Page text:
Starting next week, Automated Insights, the Durham automated content services startup where I work, will begin to shed its army of seven summer interns.
They’ll go back to less important things, like their educations, and we’ll continue to crank out products for some of the world’s largest companies.
But suddenly, we will be down almost 20 percent of our workforce.
The company is losing valuable resources as those interns – our best class ever-walk out the door. This summer, we continued our trend of handing over ever-increasing responsibilities to these kids, and they handled it well.
I worked exactly one summer internship in my college career, and was mortified to discover I would essentially be staying out of everyone’s way. Within a week, I started a research project, and three weeks later I delivered a report with 17 ways that company could run leaner and grow faster.
In return, I was patted on the back and given a few condescending smiles.
The next summer, I started my own company.
At a startup, an internship is rarely about fetching office supplies and answering phones. Interns get real-world experience, mostly because, well, startups need all-hands-on-deck and more to survive.
Our group of interns were coding new features and working on product development. And when we had long workdays, which were mandatory because there is more work than people, those kids were there, bleary-eyed and probably wishing they had taken that lifeguarding gig at the local pool.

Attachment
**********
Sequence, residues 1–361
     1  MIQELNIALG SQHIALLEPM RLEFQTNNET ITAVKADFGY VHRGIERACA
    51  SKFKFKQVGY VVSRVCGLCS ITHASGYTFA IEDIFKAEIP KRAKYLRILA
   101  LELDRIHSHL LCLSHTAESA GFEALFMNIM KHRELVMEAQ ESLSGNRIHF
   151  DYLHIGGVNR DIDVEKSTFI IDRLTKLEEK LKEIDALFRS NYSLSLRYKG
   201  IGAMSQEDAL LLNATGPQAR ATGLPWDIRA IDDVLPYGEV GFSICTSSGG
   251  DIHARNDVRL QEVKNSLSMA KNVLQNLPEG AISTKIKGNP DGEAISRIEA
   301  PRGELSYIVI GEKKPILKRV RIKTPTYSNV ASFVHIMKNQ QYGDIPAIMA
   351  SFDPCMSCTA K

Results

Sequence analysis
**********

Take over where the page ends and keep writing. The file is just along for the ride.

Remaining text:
And we weren’t the only startups driving our interns hard.
Rob Cotter, founder of Organic Transict, the Durham maker of the human-powered transport ELF vehicle, said his company’s eight interns were doing real work, too.
“They’re very anxious to cover a range of issues and are excited about actually producing a product,” he said. “Most are doing something electrical, several are working on wiring harnesses, one is testing solar panel output, one is working on assembling the brain of the vehicle.”
That definitely beats wearing a tie and producing Powerpoint presentations.
Not everyone is on board with collegiate labor, however.
“I have a slightly negative viewpoint on interns for startups,” said Shannon Bauman, a product entrepreneur who started his career at Google and now helms local Triangle Startup Factory graduate Taggs. “I think for very early startups, this ends up hurting more than helping. For the three or so months that they are there, they are arguably a net loss – taking up more energy from mentors than they are able to provide back through their own output.”
Bauman has a point. To alleviate that, we spend almost as much time vetting and interviewing interns as we do full-time hires. But that’s getting easier, too.
It’s becoming obvious which students are dying to be part of something tangible, and which ones should stick to summers at the pool.
Joe Procopio is a serial entrepreneur, writer and speaker. Follow him on Twitter @jproco or joeprocopio.com